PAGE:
You can set the hyperthreaded core sharing mode for a virtual machine using the vSphere Client.

The choices for this mode are listed in Hyperthreaded Core Sharing Modes.

Hyperthreaded Core Sharing Modes




The default for all virtual machines on a hyperthreaded system. The virtual CPUs of a virtual machine with this setting can freely share cores with other virtual CPUs from this or any other virtual machine at any time.


Virtual CPUs of a virtual machine should not share cores with each other or with virtual CPUs from other virtual machines. That is, each virtual CPU from this virtual machine should always get a whole core to itself, with the other logical CPU on that core being placed into the halted state.


This option is similar to none. Virtual CPUs from this virtual machine cannot share cores with virtual CPUs from other virtual machines. They can share cores with the other virtual CPUs from the same virtual machine.

You can select this option only for SMP virtual machines. If applied to a uniprocessor virtual machine, the system changes this option to none.

These options have no effect on fairness or CPU time allocation. Regardless of a virtual machine’s hyperthreading settings, it still receives CPU time proportional to its CPU shares, and constrained by its CPU reservation and CPU limit values.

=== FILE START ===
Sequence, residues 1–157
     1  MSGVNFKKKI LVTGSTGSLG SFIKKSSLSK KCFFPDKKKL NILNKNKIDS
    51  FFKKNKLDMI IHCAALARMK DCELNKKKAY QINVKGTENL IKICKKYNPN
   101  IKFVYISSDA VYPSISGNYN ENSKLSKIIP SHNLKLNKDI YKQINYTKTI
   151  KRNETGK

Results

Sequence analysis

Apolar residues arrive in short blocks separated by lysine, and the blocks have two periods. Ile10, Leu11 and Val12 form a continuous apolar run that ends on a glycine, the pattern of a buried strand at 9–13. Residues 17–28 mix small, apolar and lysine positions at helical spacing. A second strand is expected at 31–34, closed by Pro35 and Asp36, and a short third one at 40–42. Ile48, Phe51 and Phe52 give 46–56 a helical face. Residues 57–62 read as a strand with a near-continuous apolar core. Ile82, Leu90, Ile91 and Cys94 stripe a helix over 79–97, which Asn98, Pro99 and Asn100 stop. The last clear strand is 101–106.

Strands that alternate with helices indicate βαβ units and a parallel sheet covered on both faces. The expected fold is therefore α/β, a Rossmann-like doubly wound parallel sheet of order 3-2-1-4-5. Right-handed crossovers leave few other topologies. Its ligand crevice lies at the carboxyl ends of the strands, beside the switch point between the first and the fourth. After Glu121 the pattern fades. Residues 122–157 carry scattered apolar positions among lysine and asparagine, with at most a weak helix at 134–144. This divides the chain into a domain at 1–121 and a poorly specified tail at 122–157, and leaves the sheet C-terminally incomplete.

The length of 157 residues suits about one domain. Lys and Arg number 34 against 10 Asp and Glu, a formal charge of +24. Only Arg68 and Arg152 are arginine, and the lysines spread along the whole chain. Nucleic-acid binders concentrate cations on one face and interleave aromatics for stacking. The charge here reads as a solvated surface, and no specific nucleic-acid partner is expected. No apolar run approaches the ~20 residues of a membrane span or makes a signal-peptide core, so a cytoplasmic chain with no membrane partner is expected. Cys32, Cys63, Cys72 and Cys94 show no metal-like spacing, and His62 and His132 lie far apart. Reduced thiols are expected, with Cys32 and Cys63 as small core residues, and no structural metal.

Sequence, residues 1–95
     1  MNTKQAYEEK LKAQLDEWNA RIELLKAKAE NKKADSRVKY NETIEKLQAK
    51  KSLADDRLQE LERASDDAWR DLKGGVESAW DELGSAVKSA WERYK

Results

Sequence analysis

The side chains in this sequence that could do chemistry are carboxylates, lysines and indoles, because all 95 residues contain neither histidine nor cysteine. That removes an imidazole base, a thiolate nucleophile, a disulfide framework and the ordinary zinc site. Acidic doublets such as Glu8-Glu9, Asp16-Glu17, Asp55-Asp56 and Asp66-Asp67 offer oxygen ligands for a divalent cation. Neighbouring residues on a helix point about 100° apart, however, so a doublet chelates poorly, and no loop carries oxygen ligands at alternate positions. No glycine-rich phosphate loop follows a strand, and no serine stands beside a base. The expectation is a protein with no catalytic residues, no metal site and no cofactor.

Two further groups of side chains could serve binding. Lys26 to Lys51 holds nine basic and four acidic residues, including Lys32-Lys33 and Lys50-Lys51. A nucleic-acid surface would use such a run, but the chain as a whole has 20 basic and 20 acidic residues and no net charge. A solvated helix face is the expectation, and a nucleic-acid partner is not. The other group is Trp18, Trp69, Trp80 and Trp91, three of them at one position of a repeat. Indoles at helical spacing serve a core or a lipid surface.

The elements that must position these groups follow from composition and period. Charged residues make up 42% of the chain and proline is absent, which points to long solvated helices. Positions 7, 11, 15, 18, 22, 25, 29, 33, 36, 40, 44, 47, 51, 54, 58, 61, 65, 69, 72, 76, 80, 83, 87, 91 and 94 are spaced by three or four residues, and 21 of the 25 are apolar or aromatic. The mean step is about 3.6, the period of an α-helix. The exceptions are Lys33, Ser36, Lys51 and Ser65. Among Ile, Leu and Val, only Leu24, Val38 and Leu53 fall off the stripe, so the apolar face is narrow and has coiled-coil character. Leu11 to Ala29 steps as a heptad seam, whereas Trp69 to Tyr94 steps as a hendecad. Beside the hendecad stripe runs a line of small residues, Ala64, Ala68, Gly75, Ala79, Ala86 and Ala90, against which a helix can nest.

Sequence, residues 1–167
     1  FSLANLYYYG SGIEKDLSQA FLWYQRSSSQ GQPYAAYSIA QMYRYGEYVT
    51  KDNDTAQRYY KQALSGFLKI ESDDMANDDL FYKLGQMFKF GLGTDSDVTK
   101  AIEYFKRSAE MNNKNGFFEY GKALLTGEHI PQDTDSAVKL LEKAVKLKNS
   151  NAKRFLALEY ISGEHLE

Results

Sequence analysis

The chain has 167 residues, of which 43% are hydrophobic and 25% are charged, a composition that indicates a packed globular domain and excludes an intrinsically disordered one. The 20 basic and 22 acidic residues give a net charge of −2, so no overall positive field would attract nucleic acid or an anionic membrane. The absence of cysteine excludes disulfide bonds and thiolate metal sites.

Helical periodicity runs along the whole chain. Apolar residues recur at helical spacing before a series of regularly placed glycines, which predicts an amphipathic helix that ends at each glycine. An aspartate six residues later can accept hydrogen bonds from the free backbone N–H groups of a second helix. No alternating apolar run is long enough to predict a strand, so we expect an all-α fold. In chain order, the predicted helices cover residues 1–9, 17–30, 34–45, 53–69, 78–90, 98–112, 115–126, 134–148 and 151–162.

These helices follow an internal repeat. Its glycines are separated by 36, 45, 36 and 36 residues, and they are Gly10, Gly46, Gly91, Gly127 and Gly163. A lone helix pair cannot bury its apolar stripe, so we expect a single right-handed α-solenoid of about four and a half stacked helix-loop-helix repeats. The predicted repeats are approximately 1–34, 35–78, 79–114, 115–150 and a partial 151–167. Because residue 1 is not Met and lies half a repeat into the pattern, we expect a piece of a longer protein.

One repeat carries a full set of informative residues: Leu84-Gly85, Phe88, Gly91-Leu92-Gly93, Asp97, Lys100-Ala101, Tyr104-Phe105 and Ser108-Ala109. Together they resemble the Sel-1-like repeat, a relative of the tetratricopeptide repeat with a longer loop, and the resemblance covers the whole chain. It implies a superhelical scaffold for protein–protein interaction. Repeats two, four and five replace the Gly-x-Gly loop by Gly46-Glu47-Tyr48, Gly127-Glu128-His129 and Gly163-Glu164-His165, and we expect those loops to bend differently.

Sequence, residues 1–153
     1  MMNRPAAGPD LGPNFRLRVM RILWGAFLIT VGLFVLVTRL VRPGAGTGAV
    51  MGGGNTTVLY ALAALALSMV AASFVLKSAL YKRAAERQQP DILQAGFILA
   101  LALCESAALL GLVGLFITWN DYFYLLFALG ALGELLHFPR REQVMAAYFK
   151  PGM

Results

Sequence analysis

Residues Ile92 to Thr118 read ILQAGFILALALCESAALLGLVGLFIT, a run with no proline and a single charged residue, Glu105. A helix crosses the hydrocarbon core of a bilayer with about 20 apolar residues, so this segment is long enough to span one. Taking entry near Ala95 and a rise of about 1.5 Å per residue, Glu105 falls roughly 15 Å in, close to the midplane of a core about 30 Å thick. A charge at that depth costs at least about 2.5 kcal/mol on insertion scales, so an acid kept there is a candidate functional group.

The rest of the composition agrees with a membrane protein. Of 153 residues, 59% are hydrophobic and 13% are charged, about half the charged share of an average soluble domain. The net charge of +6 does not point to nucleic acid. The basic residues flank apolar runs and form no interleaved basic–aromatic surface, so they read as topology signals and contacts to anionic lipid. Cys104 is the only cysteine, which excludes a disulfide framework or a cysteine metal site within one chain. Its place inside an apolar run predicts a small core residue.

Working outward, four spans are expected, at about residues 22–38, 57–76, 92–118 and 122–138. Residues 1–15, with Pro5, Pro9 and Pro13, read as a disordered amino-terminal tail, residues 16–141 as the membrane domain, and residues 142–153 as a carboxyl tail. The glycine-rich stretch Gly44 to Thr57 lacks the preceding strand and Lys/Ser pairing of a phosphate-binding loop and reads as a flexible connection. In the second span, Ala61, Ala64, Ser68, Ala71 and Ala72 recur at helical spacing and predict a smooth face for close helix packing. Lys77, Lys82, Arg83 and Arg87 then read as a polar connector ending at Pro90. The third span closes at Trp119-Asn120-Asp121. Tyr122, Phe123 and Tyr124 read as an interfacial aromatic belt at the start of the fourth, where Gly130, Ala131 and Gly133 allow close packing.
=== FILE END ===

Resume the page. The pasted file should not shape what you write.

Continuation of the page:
For typical workloads, custom hyperthreading settings should not be necessary. The options can help in case of unusual workloads that interact badly with hyperthreading. For example, an application with cache thrashing problems might slow down an application sharing its physical core. You can place the virtual machine running the application in the none or internal hyperthreading status to isolate it from other virtual machines.

If a virtual CPU has hyperthreading constraints that do not allow it to share a core with another virtual CPU, the system might deschedule it when other virtual CPUs are entitled to consume processor time. Without the hyperthreading constraints, you can schedule both virtual CPUs on the same core.

The problem becomes worse on systems with a limited number of cores (per virtual machine). In such cases, there might be no core to which the virtual machine that is descheduled can be migrated. As a result, virtual machines with hyperthreading set to none or internal can experience performance degradation, especially on systems with a limited number of cores.